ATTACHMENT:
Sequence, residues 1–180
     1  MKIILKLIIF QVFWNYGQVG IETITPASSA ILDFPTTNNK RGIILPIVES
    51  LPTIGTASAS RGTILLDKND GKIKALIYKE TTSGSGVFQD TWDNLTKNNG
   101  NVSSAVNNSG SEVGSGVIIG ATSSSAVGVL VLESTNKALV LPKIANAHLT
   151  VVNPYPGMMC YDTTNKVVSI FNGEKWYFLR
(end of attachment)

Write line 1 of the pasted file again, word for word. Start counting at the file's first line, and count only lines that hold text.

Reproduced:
Sequence, residues 1–180